Since his first appearance in 1938, Superman has inspired countless similar characters (“knock-offs” would be the unkind term), from Captain Atom to Supreme to the Sentry. But the first and greatest Superman clone is undoubtedly Captain Marvel.
Created a year after Superman’s debut by artist C.C. Beck and writer Bill Parker, Captain Marvel was Fawcett Comics’ answer to the Man of Steel. Unlike Superman, though, Captain Marvel’s alter ego wasn’t a mild-mannered adult like Clark Kent, but a well-behaved twelve-year-old named Billy Batson who transformed into the superhero by saying the word “Shazam!”
Understandably, this adolescent power fantasy appealed to children (possibly even more than Superman), and for a time in the 1940s Captain Marvel comics outsold Superman’s. Eventually, though, Supes got his revenge when DC Comics purchased the rights to Captain Marvel and the rest of the “Marvel Family,” including Mary Marvel and Captain Marvel, Jr. By then, Marvel Comics had created and trademarked their own character named Captain Marvel, so all DC Captain Marvel comics and merchandise has to be sold under the name “Shazam,” which has led some people to think that’s the hero’s name (in fact, it’s the name of the wizard who gave him his powers).
Since then, DC has spent quite a bit of time and effort trying to find a place for Captain Marvel within the DC Universe. However, the best efforts have either been standalone graphic novels, such as Jeff Smith’s Shazam!: The Monster Society of Evil or Alex Ross’s Justice.
While I love the new Batman: The Brave and the Bold cartoon, I actually think a new Captain Marvel cartoon, geared toward the same age group, would be an ideal use of the character in the twenty-first century. After all, isn’t the concept behind the immensely popular Ben 10 pretty much the same thing–a young boy turns into an adult superhero?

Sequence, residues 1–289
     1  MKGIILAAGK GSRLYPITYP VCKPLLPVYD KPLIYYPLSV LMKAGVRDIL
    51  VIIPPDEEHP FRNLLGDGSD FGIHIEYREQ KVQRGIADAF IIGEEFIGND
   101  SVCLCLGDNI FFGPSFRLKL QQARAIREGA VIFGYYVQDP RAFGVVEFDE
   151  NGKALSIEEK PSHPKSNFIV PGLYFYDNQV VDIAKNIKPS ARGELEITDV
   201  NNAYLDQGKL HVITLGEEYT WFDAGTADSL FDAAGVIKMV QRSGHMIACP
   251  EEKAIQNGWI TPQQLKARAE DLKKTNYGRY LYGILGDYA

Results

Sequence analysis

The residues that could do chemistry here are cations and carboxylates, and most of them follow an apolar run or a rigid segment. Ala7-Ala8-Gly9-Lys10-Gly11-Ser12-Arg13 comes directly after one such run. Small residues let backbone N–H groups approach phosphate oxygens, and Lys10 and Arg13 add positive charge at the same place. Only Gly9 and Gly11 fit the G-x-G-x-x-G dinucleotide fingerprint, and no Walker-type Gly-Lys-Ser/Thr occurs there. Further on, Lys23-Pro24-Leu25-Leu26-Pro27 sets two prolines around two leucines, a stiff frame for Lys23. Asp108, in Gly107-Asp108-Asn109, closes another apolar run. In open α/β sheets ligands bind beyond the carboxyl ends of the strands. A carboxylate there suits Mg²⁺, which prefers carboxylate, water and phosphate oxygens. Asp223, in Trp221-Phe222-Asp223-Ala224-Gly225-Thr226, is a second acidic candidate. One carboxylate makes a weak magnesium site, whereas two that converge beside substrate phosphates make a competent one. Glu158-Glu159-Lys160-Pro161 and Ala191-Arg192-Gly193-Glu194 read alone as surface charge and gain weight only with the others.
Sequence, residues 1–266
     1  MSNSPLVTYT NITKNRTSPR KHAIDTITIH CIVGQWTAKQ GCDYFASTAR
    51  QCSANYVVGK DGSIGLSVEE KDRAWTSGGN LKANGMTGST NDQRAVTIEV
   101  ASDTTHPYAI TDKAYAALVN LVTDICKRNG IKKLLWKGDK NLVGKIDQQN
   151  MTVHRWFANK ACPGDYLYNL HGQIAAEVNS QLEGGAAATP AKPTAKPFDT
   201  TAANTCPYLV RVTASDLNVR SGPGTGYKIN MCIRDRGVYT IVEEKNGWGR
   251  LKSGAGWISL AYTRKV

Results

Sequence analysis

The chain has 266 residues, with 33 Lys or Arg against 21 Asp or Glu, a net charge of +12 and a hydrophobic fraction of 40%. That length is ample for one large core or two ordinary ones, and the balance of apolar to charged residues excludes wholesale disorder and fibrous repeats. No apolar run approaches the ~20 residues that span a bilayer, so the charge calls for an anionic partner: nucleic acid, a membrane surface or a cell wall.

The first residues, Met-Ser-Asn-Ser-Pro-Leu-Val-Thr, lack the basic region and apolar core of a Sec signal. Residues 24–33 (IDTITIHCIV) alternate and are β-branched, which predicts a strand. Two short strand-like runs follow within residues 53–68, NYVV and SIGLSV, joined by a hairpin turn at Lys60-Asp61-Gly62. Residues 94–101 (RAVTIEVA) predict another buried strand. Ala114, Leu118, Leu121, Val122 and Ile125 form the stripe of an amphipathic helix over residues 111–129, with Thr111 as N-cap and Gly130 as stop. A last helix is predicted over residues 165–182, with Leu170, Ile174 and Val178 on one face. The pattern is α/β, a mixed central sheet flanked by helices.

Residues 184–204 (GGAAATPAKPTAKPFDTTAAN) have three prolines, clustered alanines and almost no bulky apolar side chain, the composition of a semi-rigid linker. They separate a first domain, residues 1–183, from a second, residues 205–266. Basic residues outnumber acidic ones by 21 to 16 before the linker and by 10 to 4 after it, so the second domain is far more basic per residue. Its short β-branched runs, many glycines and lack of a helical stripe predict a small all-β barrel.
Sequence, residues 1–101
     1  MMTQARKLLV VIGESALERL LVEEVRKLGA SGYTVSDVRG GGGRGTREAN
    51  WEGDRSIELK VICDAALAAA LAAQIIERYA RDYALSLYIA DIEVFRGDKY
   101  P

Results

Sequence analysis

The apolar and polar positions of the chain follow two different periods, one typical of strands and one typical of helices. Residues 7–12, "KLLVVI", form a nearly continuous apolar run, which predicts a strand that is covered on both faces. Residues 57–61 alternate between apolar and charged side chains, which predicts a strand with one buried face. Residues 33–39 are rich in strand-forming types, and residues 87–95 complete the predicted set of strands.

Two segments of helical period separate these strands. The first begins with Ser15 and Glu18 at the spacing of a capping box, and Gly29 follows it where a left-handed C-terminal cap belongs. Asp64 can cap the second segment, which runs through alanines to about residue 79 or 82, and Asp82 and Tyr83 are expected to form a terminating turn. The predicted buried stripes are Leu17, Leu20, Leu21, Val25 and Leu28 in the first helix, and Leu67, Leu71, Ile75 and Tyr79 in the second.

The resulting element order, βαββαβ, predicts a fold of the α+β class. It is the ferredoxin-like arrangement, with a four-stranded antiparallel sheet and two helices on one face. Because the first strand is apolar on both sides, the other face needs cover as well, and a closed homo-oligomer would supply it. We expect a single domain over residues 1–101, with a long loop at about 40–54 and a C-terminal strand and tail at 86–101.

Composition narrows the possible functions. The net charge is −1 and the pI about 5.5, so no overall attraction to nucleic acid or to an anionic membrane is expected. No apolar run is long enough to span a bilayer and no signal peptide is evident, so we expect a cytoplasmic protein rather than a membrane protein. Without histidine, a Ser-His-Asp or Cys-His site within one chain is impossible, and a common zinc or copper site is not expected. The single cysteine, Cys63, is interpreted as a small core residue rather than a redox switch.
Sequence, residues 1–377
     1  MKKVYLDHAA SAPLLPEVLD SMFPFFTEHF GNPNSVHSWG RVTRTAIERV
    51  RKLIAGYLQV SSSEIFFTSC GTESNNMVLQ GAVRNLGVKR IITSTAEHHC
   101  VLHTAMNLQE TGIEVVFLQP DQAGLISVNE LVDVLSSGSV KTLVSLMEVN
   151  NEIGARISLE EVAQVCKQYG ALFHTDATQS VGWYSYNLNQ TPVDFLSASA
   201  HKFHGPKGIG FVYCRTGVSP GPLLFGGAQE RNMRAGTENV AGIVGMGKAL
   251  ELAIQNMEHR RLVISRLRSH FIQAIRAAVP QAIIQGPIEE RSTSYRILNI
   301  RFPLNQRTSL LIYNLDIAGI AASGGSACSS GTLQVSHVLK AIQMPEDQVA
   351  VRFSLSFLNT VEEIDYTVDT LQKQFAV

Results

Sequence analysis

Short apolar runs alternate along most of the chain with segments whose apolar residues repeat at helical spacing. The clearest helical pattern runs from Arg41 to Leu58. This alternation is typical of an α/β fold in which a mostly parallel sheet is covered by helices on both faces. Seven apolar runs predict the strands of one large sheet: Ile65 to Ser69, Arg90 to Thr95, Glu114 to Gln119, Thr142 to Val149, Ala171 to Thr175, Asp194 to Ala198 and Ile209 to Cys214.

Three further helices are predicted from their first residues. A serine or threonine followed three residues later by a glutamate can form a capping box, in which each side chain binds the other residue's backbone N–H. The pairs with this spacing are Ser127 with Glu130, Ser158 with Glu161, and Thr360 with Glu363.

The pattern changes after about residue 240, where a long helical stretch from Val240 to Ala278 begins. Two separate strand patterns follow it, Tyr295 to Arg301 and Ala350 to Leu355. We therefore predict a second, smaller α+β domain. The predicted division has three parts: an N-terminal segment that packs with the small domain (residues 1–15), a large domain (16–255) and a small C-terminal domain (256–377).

Packaging: The usual. Here’s the bio:
Drawn to a secret cavern beneath the subway, orphan newsboy Billy Batson met the immortal wizard Shazam, who granted Billy superpowers to do battle with evil. By uttering Shazam’s name aloud, Billy was thus transformed into no only an adult, but the World’s Mightiest Mortal; empowered with the wisdom of Solomon, the strength of Hercules, the stamina of Atlas, the power of Zeus, the courage of Achilles, and the speed of Mercury.
Sculpt: One of my favorite bits of comic book trivia is that C.C. Beck originally modeled Captain Marvel’s face on actor Fred MacMurray, best known to my generation as the dad from My Three Sons (well, those of us who grew up on Nick at Nite, anyway) and the star of The Absent-Minded Professor. Beck later used other actors as models for CM, but since Alex Ross started painting the Big Red Cheese on a regular basis, the “ripped young Fred MacMurray” look has been dominant (especially in this pic).
The Horsemen have definitely gone for the Ross look, with the sharp eyebrows, narrow eyes, short-cropped hair, and confident grin. It’s not perfect, though I’d argue the imperfections were more due to the molding process than the sculpting; but I do think this head looks more like Ross’s art than DC Direct’s attempt, which is a bit on the hefty side.